Tuesday, January 26, 2016

Starting Early...on a Love of Books


There was a minor Book Club kerfuffle in our house this morning, not with my book club of 12 years, but with my kid’s. It seems their elementary school has instituted an after-school book club, divided by grade, meeting once per week (an awesome idea!).

My 1st grade son got an “invitation” to join the club in his take-home folder yesterday. My 3rd grade daughter did not. Oh, the humanity!!! The letter made clear that kids were selected by their homeroom teachers to participate, and then it's up to them whether or not they wish to do so. When I asked my son, he gave a casual shoulder shrug. “Sure,” he said. (He’s been cultivating a cool-kid image that means he can’t get overly excited about most things, though he loves to read just as much as his sister.)

Meanwhile, his sister was beside herself wondering why, oh why, she didn’t get an invitation. Does she not read books for hours each day? Does she not talk incessantly about books (and many other things) to the point of wearing out her poor mother’s eardrums?

An email inquiry revealed all: her invitation is in tonight’s take-home folder. Crisis averted.

Now as I sit in this quiet house, getting ready to work on revisions to my novel, I’m feeling very warm and fuzzy, thinking about that passion erupting, all over the opportunity to talk about books. I don’t think our kids’ love of all things literary is an accident. My husband and I both love to read. There are books on every flat surface of our house. Given a moment of downtime, we usually have one in our hands. When the kids want us to read to them, the answer is yes. (When they were in the womb, I'd often read aloud, not kids books, just anything. I thought they might be lonely in there;) When they want to buy books, the answer is almost always yes.

Yet neither my husband nor I came from bookish families. Aside from a set of encyclopedias, there were less than a dozen books in my entire childhood home. They sat on a shelf next to our fireplace, and I can still picture their spines, if not their titles. One was a nonfiction book about Canadian Geese. One was a 1950s era book for women on dieting and beauty. There was a farming memoir, and a 1970s book of Guinness World records. I recently found the Guinness book in my parents’ basement and brought it home. I recognized nearly every picture, though I hadn’t looked through it in 30 years. It’s just that, as a kid, I'd looked through it so often, having few other options.
This is our living room coffee table/library cart my dad made
out of a wooden electrical cable spool. He added dowels
and casters, and I gave it a shabby-chic paint job.


Fast forward to last week, when I had to sit my daughter down and explain that she was bringing too many books home. Able to select from a wide variety in her classroom, she was lugging home way more than she could read in a week, or even a month, and her backpack was crazy heavy. I suggested she stick to two or three at a time, but she wasn’t able to choose.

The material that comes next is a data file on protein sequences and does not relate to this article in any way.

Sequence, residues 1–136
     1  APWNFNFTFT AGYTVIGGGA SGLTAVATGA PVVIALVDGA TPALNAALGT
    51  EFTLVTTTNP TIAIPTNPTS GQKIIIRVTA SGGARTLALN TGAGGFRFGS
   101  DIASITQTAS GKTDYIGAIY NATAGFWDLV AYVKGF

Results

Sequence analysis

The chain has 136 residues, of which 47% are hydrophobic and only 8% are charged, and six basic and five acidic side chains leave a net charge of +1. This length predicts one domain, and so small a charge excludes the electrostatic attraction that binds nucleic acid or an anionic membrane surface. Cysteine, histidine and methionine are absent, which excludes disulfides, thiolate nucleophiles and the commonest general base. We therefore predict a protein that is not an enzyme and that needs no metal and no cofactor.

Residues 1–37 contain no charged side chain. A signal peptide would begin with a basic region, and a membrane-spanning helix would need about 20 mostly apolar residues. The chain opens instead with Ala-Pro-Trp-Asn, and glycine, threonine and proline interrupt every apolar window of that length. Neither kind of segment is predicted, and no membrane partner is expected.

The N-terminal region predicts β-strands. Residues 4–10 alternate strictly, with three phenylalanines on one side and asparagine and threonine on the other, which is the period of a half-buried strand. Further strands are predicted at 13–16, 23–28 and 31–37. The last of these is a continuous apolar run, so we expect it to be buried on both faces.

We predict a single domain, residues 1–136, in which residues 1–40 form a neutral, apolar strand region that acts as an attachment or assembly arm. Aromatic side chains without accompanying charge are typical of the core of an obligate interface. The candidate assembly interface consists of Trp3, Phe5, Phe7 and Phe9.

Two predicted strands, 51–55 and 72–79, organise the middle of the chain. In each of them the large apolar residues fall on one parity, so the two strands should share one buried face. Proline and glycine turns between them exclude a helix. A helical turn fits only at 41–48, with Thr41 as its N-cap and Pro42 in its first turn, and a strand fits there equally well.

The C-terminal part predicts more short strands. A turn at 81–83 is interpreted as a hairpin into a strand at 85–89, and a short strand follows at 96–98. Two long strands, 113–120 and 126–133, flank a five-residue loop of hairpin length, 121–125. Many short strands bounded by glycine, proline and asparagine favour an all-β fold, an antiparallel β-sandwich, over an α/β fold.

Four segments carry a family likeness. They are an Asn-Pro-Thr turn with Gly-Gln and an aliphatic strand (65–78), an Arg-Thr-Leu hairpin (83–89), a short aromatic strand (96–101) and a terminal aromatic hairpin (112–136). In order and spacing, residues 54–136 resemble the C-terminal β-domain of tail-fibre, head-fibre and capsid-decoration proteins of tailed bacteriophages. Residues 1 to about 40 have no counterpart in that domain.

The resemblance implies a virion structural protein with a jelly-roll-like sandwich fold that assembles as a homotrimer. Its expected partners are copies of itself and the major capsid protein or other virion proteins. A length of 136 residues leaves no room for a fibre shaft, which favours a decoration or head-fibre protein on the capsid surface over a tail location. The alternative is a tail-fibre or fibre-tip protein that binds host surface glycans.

“I love all of them!” she wailed. What could I say? I know, I know… 

Monday, January 18, 2016

Asking for Help, or, How I Quit Being an Idiot

I’ve just printed out some notes on my recently “completed” novel, “Happy, Indiana,” and am getting ready to dive into some “light” revisions. I say “completed” because this thing is really not going to be done until it’s published. I say “light” because the changes I’m making are minor compared to the multiple, major, revisions this book has gone through in the past year or two.

I’m actually quite excited about working on the book again. I had set it aside for a few months, having taken it as far as I could at the time. But last month, I reached out to a fellow writer, a woman I’d met eons ago at a conference and re-connected with online, to see if she’d be willing to read the book. Not only was she willing to do that, but she also organized us, with the addition of another writer friend of hers, into a weekly critique group. And so I’m sitting down with their notes on my opening chapters, and I’m so, so grateful to have their insight.

This wouldn’t have happened if I hadn’t asked.


The focus groups I held over the summer with an earlier draft? All I had to do was ask. Now, sometimes people say, “No,” but my experience has been that the majority of people will help you, if you ask politely, and maybe offer them lunch.

Duh, you’re thinking, you’re just figuring this out? Yes. I am. I’m a slow learner, in this arena anyway.

I didn’t show my first (eventually shelved) novel to hardly anyone. I was…scared? Of what they’d think of my subject matter, or my skill as a writer? I was scared they would say the book needed a lot of work and that would throw me into despair, and I’d just give up? Or scared they’d say it was wonderful and then I’d have to curse the world in general for not agreeing? I was scared they’d say, “No?”

I used to have a job in public relations, where it took an entire team to get a two-page press release out into the world. I may have been the primary writer, but there were notes initially about what the focus of the release should be. Then, after I drafted it, there were multiple levels of review and revision, both internally within the agency, and externally with the client. There was strategizing about timing and placement. And by that point, we’d look at it again, and make more revisions, or find the typo that managed to pass a half dozen sets of eyes.

Yet I somehow thought I was going to figure out, for the first time, how to write a killer 300-page novel all on my own? I think it was pride, too, not just fear, that made me think this. The feeling that I had a graduate degree and experience and publishing credits, and I should be able to do this novel-writing thing.